REVIEW: Freshers’ Week Smoker
An excellent night, showcasing the wide range of talent to be found in Cambridge students.
Filled to the brim with cheap wine and an eager audience, Pembroke Cellars was ablaze with laughter during last night’s Freshers’ Week Smoker.
The colourful decor and Elliott Wright’s energetic, albeit madcap, compering set the tone for a night that was vastly enjoyable without taking itself too seriously. Like the weird uncle at a family Christmas, Wright united and energised the audience as a whole – only occasionally traumatising individuals.
First on the line-up was Mark Bittlestone, whose calm and sophisticated demeanour meant his “shit” jokes were received with hilarity, rather than distaste. Although the nerves of the first comedian of the night were occasionally on show, he ended well with a strong call back.
Carine Valarche and Patrick Wilson shone with extremely likeable stage presences. Valarce balanced out a start that was not quite as laugh-heavy as Wright’s or Bittlestone’s, but she picked up well and some of her jokes had the timing and delivery of a far more experienced comedian. More Valarche would certainly be appreciated on the comedy scene, as an audible “I like her” accompanied her off stage.
Patrick Wilson was undoubtedly the star of the evening. It was difficult to believe that this was only his second stand up appearance. His self-deprecating set was received at times with whoops and cheers, and at others with “awwwww”s. His “list”, and the delivery of it had the audience in pieces.
It was during Wilson’s set, however, that one of the few drawbacks of the night became clear. Many, if not all, of the comedians had a tendency to step away from the well lit central area. This meant that some lines were delivered with the face half in shadow. While not a massive deal, it would be a good thing for future Cellar’s performers to be aware of. In Stanley Thomas and Joe Spence’s sketch segment, it was almost impossible for audience members further back to see the action when the performers were sitting down.
Thomas and Spence delivered a short, but professional selection of sketches. Both performers are clearly accomplished actors as well as comedians. Although this was in the most part advantageous, some sketches, such as the gift one, seemed unnecessarily long-winded. Even these, however, received steady laughs, and by the end of the final sketch the audience were in hysterics.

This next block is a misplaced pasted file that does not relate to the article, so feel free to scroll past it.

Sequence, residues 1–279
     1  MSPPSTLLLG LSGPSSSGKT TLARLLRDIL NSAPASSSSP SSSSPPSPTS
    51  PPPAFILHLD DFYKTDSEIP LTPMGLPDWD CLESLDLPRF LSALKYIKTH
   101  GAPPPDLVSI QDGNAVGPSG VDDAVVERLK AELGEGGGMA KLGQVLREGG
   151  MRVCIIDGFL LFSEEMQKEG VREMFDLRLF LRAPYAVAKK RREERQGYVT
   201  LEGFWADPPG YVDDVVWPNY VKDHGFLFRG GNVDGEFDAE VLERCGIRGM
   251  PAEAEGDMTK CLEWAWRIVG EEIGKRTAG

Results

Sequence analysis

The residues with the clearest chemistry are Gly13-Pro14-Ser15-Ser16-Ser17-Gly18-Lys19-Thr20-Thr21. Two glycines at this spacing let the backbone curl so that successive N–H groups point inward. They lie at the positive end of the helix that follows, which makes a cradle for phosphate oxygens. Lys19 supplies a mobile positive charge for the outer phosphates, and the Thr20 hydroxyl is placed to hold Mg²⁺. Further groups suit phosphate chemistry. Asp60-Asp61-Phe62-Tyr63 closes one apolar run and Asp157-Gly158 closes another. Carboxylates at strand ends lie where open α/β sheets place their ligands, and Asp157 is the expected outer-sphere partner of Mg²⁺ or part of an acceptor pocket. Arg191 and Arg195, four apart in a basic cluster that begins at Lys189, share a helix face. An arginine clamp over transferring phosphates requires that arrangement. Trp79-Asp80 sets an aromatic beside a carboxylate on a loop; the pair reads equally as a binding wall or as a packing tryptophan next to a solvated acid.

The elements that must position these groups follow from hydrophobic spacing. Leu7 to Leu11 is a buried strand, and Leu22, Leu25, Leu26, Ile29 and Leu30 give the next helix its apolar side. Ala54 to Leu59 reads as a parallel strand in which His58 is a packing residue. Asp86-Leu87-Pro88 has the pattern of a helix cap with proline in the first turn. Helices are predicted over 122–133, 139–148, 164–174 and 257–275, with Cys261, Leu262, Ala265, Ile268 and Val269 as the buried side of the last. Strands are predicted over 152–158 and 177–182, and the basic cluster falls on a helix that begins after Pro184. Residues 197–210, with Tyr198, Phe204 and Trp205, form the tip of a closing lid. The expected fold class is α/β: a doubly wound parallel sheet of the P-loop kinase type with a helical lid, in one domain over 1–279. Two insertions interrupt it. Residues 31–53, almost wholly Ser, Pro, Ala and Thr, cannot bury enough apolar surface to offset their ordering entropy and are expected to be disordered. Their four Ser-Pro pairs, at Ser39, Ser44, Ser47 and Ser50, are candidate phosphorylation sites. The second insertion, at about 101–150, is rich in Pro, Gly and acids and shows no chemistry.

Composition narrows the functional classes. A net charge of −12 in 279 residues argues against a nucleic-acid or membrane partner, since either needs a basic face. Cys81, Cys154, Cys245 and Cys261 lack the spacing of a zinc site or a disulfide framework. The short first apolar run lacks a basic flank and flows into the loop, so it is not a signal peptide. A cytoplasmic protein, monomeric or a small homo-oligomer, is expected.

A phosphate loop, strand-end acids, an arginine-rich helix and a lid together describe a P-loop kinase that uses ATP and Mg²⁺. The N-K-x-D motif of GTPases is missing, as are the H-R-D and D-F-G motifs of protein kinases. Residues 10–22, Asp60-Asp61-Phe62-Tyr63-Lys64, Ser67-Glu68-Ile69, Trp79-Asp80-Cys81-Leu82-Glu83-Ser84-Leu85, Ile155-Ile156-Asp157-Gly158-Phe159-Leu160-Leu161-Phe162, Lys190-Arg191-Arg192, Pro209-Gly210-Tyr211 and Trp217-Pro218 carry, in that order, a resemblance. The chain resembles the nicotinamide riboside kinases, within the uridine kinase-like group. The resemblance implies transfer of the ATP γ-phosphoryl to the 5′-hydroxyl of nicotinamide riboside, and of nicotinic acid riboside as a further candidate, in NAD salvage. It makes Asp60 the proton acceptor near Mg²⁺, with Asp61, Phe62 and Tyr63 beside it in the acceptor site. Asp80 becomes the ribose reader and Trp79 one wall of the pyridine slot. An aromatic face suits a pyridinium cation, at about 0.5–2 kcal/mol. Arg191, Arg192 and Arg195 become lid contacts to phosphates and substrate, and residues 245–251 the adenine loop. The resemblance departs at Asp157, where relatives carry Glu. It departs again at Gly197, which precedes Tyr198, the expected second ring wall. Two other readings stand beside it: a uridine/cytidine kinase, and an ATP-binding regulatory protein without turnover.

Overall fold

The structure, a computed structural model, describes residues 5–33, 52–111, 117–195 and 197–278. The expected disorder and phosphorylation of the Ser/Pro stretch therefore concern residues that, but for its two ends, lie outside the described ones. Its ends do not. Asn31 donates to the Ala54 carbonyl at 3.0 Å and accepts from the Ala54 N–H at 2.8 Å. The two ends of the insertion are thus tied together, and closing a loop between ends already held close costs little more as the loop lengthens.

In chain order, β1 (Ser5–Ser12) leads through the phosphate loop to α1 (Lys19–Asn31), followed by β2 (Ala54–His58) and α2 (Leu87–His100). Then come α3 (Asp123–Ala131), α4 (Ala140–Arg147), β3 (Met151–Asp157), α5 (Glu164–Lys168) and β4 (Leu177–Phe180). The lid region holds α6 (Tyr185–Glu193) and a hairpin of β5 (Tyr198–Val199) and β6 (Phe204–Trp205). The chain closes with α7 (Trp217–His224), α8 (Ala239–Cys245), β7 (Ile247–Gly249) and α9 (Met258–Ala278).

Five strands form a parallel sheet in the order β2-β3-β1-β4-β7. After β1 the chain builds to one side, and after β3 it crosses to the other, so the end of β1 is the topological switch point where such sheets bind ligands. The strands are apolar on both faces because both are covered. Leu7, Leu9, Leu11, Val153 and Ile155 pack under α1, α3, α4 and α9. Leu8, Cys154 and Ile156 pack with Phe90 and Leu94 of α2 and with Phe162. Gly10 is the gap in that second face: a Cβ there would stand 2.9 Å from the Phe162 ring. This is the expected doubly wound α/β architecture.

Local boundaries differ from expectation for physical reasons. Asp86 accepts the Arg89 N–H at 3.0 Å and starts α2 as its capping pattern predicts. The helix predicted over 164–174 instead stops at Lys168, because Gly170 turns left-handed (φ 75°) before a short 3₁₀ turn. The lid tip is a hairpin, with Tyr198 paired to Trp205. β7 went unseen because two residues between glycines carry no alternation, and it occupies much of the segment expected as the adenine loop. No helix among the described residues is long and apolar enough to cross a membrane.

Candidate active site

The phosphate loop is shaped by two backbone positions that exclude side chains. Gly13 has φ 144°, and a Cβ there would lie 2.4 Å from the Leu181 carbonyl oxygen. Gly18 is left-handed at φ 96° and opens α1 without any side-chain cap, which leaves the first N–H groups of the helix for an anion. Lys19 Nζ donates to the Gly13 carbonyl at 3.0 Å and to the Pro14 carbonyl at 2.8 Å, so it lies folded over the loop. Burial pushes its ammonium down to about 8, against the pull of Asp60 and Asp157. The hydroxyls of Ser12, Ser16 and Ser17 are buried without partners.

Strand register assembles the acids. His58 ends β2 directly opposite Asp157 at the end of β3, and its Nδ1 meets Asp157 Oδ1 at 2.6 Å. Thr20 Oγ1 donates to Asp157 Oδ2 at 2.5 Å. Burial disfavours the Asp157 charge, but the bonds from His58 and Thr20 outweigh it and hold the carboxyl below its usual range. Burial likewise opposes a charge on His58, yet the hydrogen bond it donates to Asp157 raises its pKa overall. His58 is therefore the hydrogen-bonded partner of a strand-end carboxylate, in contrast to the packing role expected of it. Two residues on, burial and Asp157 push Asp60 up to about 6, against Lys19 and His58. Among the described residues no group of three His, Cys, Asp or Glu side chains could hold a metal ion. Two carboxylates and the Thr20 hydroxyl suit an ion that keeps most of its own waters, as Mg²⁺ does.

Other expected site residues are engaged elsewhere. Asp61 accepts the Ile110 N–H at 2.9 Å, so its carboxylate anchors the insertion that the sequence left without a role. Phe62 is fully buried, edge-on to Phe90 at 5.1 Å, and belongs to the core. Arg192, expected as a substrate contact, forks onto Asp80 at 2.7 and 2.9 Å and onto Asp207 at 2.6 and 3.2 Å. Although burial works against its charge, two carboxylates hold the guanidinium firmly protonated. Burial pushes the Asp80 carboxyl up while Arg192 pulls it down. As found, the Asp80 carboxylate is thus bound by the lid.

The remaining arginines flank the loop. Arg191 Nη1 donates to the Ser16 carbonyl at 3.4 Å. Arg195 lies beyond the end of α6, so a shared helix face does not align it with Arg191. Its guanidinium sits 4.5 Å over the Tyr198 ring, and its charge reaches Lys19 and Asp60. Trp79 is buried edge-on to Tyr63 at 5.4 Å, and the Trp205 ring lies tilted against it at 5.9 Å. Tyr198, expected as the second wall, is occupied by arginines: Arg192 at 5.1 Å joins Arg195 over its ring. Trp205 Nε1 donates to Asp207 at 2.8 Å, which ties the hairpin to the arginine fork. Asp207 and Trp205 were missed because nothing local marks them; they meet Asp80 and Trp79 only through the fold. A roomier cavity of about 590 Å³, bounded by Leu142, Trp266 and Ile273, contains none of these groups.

Ruby Keane and Luisa Callander had the sketch segment of the second half, and delivered a reliably funny set. A favourite with audiences, it’s been reviewed before and could only have been improved by a louder delivery as some lines were missed.
Opening back up after the interval was Colin Rothwell. Clearly an experienced comedian, he was received with shouts and whistles and was in total control of the audience. The reading of the Aldi story was a well prepared highlight, setting the tone for a second half well stocked with funny “read aloud” segments. Will Hall was a particularly good example of this, showing a talent for creating hilarious characters albeit in unbelievable situations.
Emma Plowright somewhat lowered the energy of the room. Although creating genuine laughs, her delivery was a little too quiet and a valuable sense of self-awareness sometimes dropped into apology. Plowright deserves to be more confident on stage as her final jokes, the Royal Family one in particular, were very well received.
Confidence on stage is something that Christof Epaminondas has always, quite endearingly, seemed to lack. Here however, he punctuated his friendly awkwardness with some very funny, clever jokes, showing he has learnt well from previous Smoker appearances.
Haydn Jenkins brought energy back to the room and provided some of the more successful audience participation of the night. He’s a comedian clearly confident enough to mix up his range of delivery, and although that meant that there were varying levels of laughter his clever word play stayed consistent.
Will Dalrymple closed the show with a story. This was slick, hilarious and many were held spellbound (especially by Dalrymple’s masterful use of simile), demonstrating to the freshers the breadth of talent that can be found amongst Cambridge students. His set veered into “too much” for some of them, but genuinely informative – despite six years of compulsory Sex Ed behind me (ooh er), I learnt what rimming is at the Pembroke New Cellars.
The Freshers’ smoker seemed to have been designed perfectly to place the Pembroke Cellars as the home of student comedy. All seats were filled, creating a brilliant atmosphere, but also a fairly stuffy room. If they expect to sell to the same extent next time (and they deserve to), using their profits to invest in a fan or two might not go amiss.
(Although I’m already a fan) (It was great)